Read King: William Lyon Mackenzie King-A Life Guided by the Hand of Destiny by Allan Levine Online

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William Lyon Mackenzie King, twice former Prime Minister of Canada, was a brilliant tactician, was passionately committed to Canadian unity, and was a protector of the underdog, introducing such cornerstones of Canada’s social safety net as unemployment insurance, family allowances and old-age pensions. At the same time, he was insecure, craved flattery, became upset at miWilliam Lyon Mackenzie King, twice former Prime Minister of Canada, was a brilliant tactician, was passionately committed to Canadian unity, and was a protector of the underdog, introducing such cornerstones of Canada’s social safety net as unemployment insurance, family allowances and old-age pensions. At the same time, he was insecure, craved flattery, became upset at minor criticism, and was prone to fantasy—especially about the Tory conspiracy against him. King loosened the Imperial connection with Britain and was wary of American military and economic power. Yet he loved all things British and acted like a praised schoolboy when British Prime Minister Winston Churchill or U.S. President Franklin Roosevelt treated him as an equal.This first major biography of Mackenzie King in 30 years mines the pages of his remarkable diary, at 30,000 pages one of the most significant and revealing political documents in Canada’s history and a guide to the deep and often moving inner conflicts that haunted Mackenzie King. With animated prose and a subtle wit, Allan Levine draws a multidimensional portrait of this most compelling of politicians....

Title : King: William Lyon Mackenzie King-A Life Guided by the Hand of Destiny
Author :
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ISBN : 9781553655602
Format Type : Hardcover
Number of Pages : 552 Pages
Status : Available For Download
Last checked : 21 Minutes ago!

King: William Lyon Mackenzie King-A Life Guided by the Hand of Destiny Reviews

  • Jean Poulos
    2018-10-27 21:46

    I thoroughly enjoyed reading “King: William Lyon Mackenzie King: A Life” by Alan Levine. Levine presented a balanced view of a most complicated and eccentric man. Levine took advantage of King’s personal diaries to show the private thoughts of the man as well as the public life. History would have a different view of King if the diaries had not been released to the public. The release was against the wishes of King. The book is well written and meticulously researched.King (1874-1950) was the longest serving Prime Minister of Canada. He served as PM from 1921 to 1926 then from 1926 to 1930 and lastly from 1935 to 1948. King was elected to the House of Commons in 1908 and was a member of the Liberal Party. Levine covers King’s life from birth to death. King got his law degree in 1896 from University of Toronto. He studied under Jane Addams at the University of Chicago and then transferred to Harvard where he obtained a master in political economy in 1898. In 1909 he got his Ph.D. from Harvard University. I was amazed that such a successful politician that led Canada through the Great Depression and WWII suffered from depression and had what Levine calls obsessive-compulsive tendencies. According to Levine, King believed in Spiritualism, which was very popular form the 1890 to 1940s. This was all revealed in the diaries.Levine points out that King was not a great orator nor was he charismatic but he was the ultimate skilled politician. During the depression, under King Canada passed the unemployment insurance programs and the old age pension. King is ranked in the top three Prime Ministers. I was surprised at the anti-Semitism in Canada and that when other counties were taking in Jews Canada only took in 5000. The treatment of Canadians of Japanese ancestry during WWII was worse than that of the United States.Alan Levine is a historian from Winnipeg. The book won the Alexander Ishister Award for non-fiction for 2012. I read this as an e-book on my Kindle app for my iPad. It has 554 pages and lots of photographs.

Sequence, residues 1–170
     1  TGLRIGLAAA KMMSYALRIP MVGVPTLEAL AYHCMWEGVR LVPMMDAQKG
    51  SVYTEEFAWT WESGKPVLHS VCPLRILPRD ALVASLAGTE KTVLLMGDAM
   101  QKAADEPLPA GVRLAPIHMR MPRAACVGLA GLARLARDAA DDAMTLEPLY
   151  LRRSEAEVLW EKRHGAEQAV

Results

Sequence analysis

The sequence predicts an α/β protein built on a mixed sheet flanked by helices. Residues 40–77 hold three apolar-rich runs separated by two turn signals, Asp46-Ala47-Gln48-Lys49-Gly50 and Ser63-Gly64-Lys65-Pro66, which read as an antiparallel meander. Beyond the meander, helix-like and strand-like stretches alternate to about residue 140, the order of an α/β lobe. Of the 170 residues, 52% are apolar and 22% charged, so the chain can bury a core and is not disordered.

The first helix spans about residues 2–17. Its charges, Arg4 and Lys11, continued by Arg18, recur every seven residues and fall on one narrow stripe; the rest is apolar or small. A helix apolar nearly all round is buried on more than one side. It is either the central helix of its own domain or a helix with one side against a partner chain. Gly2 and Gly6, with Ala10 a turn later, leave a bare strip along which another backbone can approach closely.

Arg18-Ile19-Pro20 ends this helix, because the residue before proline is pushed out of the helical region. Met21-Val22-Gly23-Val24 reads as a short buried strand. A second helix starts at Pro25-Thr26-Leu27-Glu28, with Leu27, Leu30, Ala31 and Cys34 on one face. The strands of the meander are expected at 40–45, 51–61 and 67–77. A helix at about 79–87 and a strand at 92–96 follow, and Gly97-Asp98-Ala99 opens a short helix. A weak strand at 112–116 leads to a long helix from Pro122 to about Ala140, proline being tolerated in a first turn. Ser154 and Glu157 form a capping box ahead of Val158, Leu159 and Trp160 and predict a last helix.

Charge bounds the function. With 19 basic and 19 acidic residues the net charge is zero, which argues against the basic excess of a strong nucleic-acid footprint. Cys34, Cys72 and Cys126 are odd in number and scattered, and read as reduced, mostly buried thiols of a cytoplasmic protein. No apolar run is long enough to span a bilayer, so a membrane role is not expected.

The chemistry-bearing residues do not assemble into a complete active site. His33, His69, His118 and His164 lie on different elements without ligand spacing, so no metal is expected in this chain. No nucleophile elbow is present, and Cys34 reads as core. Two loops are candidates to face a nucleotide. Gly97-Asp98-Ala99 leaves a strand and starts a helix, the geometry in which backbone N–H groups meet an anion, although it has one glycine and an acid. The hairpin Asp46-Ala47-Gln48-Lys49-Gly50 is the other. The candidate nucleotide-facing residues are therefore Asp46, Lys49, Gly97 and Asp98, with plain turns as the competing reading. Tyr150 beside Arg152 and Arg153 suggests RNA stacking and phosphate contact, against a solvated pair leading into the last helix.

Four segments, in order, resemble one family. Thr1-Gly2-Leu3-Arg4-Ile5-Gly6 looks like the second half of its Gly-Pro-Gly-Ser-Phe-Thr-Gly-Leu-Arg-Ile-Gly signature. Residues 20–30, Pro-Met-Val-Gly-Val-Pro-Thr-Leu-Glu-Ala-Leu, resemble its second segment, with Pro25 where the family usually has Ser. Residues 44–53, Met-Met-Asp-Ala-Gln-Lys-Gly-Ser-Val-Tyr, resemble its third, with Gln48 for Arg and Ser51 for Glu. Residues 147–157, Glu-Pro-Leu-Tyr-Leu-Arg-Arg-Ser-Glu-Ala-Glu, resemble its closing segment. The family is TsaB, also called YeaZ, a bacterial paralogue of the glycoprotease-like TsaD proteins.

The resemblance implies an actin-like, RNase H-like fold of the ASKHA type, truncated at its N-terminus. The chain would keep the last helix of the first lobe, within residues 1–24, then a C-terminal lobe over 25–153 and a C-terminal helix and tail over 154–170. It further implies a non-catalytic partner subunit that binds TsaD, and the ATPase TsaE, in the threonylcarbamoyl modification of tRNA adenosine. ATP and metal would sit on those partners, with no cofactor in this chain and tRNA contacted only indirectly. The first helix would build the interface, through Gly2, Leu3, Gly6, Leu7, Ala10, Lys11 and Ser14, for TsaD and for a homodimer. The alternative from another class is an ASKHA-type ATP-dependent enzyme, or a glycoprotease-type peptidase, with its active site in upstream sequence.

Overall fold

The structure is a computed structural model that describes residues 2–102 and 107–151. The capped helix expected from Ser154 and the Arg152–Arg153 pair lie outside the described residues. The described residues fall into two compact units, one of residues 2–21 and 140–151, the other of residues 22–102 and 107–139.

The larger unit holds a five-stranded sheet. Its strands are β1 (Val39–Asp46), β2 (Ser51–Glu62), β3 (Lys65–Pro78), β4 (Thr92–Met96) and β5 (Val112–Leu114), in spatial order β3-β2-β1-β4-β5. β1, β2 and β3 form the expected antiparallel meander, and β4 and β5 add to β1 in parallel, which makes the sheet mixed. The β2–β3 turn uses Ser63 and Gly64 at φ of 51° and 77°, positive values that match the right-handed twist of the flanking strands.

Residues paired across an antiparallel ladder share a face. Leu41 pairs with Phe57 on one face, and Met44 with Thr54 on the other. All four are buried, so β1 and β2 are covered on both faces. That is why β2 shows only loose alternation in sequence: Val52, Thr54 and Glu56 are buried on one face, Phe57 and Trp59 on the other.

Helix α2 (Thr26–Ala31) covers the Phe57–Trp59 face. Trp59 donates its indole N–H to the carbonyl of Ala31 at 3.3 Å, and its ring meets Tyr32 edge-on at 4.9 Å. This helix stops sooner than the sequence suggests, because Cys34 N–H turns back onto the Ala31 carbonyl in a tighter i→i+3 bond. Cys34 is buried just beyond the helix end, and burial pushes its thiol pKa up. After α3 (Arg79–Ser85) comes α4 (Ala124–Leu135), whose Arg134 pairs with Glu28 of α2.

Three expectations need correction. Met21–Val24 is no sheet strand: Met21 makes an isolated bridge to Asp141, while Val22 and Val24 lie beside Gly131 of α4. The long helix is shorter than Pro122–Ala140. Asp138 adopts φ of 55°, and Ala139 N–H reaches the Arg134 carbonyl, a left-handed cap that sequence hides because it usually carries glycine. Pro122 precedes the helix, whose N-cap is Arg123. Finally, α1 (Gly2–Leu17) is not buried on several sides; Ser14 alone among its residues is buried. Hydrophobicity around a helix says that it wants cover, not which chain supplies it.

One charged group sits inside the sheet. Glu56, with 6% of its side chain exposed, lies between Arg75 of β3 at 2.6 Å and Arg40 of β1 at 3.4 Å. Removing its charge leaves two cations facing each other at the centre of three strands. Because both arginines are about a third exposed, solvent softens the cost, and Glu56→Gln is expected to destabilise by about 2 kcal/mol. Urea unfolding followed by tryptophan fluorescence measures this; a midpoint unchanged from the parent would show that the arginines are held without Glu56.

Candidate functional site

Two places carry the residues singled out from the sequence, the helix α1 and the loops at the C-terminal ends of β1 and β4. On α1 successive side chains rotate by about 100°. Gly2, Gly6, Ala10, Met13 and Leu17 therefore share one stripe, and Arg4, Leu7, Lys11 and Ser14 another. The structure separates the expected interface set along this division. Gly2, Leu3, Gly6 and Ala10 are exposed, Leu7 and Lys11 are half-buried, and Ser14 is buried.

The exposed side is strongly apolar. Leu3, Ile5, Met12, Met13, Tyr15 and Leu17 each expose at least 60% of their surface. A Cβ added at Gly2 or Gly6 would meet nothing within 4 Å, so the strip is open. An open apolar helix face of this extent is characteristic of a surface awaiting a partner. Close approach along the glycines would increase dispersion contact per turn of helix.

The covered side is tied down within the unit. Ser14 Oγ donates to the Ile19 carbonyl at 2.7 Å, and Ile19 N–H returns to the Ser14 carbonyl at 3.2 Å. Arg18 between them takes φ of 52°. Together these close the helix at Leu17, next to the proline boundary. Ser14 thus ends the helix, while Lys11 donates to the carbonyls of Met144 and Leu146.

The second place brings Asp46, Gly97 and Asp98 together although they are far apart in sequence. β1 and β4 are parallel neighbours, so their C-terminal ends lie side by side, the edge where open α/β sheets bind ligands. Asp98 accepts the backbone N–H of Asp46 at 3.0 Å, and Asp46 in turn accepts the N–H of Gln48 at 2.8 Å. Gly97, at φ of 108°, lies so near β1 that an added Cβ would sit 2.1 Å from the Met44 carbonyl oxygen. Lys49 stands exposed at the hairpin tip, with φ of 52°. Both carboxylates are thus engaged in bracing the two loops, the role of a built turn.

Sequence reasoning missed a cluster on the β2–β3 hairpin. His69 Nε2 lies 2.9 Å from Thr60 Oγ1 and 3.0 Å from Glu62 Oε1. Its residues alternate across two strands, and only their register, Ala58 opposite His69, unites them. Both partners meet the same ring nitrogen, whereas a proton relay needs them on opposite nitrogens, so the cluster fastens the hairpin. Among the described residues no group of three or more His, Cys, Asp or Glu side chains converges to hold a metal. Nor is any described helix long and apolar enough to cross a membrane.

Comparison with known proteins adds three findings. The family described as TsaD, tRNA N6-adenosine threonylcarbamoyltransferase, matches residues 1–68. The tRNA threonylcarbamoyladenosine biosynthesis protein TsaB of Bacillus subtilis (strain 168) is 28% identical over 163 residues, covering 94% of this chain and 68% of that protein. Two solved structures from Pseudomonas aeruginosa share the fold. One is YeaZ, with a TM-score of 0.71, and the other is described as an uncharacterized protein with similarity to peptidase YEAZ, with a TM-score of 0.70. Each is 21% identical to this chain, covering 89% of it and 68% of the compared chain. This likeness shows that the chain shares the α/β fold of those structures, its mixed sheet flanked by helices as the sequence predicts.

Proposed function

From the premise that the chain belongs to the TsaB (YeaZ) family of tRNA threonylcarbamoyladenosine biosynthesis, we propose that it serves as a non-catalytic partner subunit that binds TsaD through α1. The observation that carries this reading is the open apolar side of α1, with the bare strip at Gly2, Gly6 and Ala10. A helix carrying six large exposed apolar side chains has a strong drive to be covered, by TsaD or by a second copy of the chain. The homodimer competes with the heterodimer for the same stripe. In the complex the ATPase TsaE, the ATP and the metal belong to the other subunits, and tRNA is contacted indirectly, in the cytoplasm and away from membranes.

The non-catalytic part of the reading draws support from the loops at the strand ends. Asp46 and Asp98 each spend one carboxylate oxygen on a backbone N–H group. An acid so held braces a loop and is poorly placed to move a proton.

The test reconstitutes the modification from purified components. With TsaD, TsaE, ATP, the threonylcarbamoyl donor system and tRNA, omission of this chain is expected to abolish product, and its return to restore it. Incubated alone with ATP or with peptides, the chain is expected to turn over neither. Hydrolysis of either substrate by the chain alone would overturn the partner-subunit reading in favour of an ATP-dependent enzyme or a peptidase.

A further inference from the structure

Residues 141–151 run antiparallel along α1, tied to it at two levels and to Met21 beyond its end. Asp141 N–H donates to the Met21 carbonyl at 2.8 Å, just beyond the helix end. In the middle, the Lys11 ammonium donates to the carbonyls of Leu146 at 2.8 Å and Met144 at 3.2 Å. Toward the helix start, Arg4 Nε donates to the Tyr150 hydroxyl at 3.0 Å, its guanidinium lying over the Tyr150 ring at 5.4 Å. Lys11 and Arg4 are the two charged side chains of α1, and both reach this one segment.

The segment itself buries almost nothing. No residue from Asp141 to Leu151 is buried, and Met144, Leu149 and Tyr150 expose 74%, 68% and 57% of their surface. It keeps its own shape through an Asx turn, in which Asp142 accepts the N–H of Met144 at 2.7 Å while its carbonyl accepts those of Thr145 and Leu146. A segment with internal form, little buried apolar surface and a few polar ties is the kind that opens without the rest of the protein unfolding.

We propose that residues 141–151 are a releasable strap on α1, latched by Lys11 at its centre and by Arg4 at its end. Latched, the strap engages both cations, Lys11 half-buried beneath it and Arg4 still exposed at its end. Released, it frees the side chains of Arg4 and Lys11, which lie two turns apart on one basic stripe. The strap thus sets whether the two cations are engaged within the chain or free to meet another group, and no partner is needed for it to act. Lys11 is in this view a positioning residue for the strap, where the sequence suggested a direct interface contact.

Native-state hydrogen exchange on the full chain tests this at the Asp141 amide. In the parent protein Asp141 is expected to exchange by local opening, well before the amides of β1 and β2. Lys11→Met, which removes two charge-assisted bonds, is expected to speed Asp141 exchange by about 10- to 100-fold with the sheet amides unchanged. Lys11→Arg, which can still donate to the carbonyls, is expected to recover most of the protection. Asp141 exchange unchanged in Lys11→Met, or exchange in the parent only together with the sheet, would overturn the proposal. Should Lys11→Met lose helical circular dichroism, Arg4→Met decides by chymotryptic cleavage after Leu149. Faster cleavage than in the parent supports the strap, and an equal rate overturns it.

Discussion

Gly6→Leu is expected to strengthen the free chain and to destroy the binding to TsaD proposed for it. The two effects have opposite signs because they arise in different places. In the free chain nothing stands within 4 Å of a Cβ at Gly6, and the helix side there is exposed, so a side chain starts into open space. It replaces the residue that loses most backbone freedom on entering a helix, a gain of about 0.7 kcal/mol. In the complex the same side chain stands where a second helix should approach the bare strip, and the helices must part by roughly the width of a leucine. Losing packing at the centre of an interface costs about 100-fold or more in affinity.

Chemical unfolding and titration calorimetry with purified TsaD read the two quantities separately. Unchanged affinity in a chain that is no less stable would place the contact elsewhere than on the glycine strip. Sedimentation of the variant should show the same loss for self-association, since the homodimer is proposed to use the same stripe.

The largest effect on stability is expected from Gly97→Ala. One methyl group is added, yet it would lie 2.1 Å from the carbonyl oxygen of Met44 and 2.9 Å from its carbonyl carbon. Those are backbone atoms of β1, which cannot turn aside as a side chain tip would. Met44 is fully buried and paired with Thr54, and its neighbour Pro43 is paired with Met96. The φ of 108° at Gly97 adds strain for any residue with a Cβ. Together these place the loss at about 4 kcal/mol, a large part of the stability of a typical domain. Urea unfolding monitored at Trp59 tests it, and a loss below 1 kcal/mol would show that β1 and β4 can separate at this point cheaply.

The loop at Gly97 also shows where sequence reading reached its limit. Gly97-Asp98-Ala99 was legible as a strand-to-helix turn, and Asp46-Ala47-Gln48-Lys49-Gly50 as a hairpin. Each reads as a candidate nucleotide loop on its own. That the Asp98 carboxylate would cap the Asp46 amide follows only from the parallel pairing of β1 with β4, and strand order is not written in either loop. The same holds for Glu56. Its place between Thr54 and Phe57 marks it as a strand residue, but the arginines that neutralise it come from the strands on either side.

• Doreen Petersen
    2018-11-03 02:41

    Excellent read of one of Canada's more colorful prime ministers. It's well worth checking out.

  • Paul Heidebrecht
    2018-11-06 03:45

    I'm still trying to figure this out. WLM King is the longest-serving prime minister in Canadian history and for three decades (1921-1948) fundamentally shaped the nation. He also kept a meticulous diary which was eventually published after he died. King not only divulged all his insecurities and petty resentments but his extensive involvement with spiritualism. He held seances in his home regularly, invited well-known psychics from around the world,and prayed nightly before a portrait of his mother who helped him make important decisions from beyond the grave. He even treated his dogs as human beings and mourned their deaths more deeply than most of his friends. And yet he was a devout Presbyterian, attended church faithfully, and sincerely believed God had called him to be Prime Minister. I suppose it proves one can be an effective political leader and still be a strange human being, if not someone with major psychological issues.

  • Daniel Kukwa
    2018-10-31 22:58